by Elisabeth K. V. Kalko, Ph.D.
Much has been learned in recent years about the usefulness of bats and the important roles they play in maintaining the health of ecosystems. Understanding the amazing diversity of bats will change the common belief that all bats are ugly and blood-thirsty. On the contrary, bats are highly beneficial animals. Fruit-eating and nectar-drinking bats play indispensible roles in maintaining forest diversity and in facilitating forest regeneration through seed dispersal and pollination. Insect-eating bats remove large quantities of insects from the environment, including many that damage plants or are regarded as pests to humans.
Bats are mammals and thus, female bats possess mammary glands which produce milk. When baby bats are born, they are taken care of and fed milk by their mothers for a few weeks until they can fly and forage on their own. As is typical of most other mammals, the body of a bat, except for its wings, is covered by hair. Due to the way bats look at first glance, in some languages they are called 'flying mice'. However, bats are not related to mice or rodents at all, but belong to a large group (order) of mammals called CHIROPTERA. The order Chiroptera consists of two subgroups (suborders): Microchiroptera and Megachiroptera. Microchiroptera have a global distribution and include about 825 species worldwide. In all of Panama, we find about 120 species of Microchiroptera. All microchiroptera have a well developed sonar system ("echolocation") that allows them to orient in the dark and to a varying degree to find food. They emit high-frequency sounds, most of them too high for humans to hear, that bounce off objects and allow bats to build up an acoustic image of their surroundings. Megachiroptera do not occur in the New World. They are limited in their distribution to the tropics and subtropics of the Old World (i.e., Africa, Asia, Australia). They consist of a single family containing about 175 species. Megachiroptera have fox-like faces with a long snout and large eyes. Not surprisingly, they are also known by the vernacular name 'flying fox'. With one exception, flying foxes do not use sonar. They rely mostly on their keen senses of vision and smell to find their way, mostly in twilight or above the canopy at night and to locate food.
Chiroptera means 'having wings' and characterizes the unique way bats fly. Bats literally 'fly with their hands'. Imagine a hand with very long fingers; then picture a thin, elastic skin (membrane), that stretches between the elongated fingers and the arm, reaches down to the leg and attaches to the side of the bat's body (Figure 1). This membrane forms the wing of a bat. However, not all five fingers of the bats hand are part of the actual wing. The first finger, the thumb, is very small and ends in a little claw that the bats use for crawling and to help manipulate food. In many bats a membrane stretches between the legs to include part or all of the tail (Figure 1). This tail membrane is used as a kind of pouch by insect-eating bats to trap prey in flight. Although the tail and wing membranes of bats are very thin and seem to be easily injured, they are actually highly elastic and tougher than a rubber glove. Sometimes, however, a bat accidentally rips a hole in a membrane or punctures it. Since the membranes have excellent healing capacities, those wounds usually pose no threat to the bat.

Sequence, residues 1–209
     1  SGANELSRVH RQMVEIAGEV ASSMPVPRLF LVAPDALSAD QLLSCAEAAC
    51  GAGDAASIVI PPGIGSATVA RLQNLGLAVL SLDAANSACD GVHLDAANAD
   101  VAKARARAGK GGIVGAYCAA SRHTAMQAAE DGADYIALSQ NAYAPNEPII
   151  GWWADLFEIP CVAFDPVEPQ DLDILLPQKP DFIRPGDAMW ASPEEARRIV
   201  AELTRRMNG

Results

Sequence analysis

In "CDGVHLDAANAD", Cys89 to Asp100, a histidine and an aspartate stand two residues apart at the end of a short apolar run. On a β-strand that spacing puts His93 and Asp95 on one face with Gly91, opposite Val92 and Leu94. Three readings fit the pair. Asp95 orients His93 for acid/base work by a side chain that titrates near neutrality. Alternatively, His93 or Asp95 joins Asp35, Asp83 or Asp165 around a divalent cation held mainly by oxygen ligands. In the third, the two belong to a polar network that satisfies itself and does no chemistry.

Bats are not blind. All bats have eyes, and a number of species, particularly Flying foxes, have very large eyes and excellent eyesight which helps them find their way and their food in twilight and above the canopy at night. In contrast, bats which rely almost exclusively on sonar for finding their way in the dark and for foraging, have mostly tiny eyes and rather poor eyesight. This may have led to the widespread myth that bats are blind.
Most bats live in groups, and group size varies dramatically among species. Some form huge aggregations: several thousands or even several million bats may share a roost. Many bats, however, live in smaller groups, ranging from a pair to a few hundred. Roosts of bats can be found in many situations (Figure 2). Under natural conditions, bats roost in caves, under fallen logs, in tree- and earthholes, in hollowed-out, arboreal termite nests, between buttresses of large trees, in rocky crevices, and in the vegetation. Roosts of bats include also manmade structures such as attics, roofs, and eaves of houses as well as places under bridges, in tunnels, and in culverts.